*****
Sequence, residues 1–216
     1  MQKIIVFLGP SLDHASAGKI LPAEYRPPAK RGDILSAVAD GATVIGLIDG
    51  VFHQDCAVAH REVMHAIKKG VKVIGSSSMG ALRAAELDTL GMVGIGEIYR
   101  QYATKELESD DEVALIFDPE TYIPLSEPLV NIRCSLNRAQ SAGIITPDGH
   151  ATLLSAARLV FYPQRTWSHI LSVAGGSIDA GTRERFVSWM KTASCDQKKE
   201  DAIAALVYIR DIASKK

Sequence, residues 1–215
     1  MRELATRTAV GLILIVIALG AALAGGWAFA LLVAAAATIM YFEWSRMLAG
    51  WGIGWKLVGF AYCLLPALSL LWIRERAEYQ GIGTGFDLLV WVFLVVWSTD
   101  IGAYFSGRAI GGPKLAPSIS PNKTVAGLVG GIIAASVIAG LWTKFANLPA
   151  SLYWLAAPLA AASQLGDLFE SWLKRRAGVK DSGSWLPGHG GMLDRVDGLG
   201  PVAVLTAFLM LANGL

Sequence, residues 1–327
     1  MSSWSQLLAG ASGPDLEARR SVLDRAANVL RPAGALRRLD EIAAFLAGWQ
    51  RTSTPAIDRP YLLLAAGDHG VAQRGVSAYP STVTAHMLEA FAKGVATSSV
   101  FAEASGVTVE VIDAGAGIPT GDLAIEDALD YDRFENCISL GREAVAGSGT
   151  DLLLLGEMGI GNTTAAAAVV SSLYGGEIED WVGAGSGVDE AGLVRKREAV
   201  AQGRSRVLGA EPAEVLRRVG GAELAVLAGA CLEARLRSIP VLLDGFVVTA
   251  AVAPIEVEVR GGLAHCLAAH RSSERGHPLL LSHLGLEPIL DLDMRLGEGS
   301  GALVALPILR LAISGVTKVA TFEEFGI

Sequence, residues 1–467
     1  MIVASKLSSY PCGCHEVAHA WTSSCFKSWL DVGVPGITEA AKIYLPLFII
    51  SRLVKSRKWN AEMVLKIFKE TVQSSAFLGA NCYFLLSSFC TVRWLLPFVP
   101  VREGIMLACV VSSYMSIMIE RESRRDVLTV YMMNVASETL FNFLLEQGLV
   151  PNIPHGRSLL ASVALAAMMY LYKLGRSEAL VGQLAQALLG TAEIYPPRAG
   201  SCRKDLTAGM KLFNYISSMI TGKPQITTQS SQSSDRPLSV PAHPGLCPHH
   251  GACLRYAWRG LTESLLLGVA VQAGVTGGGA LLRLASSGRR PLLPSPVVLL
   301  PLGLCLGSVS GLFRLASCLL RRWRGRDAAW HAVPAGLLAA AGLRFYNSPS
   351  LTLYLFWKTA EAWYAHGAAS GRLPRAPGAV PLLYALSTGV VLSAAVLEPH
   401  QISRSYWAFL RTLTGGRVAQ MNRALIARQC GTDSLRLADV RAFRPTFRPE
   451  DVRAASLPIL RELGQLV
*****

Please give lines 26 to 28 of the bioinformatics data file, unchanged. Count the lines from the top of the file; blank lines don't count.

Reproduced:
   201  SCRKDLTAGM KLFNYISSMI TGKPQITTQS SQSSDRPLSV PAHPGLCPHH
   251  GACLRYAWRG LTESLLLGVA VQAGVTGGGA LLRLASSGRR PLLPSPVVLL
   301  PLGLCLGSVS GLFRLASCLL RRWRGRDAAW HAVPAGLLAA AGLRFYNSPS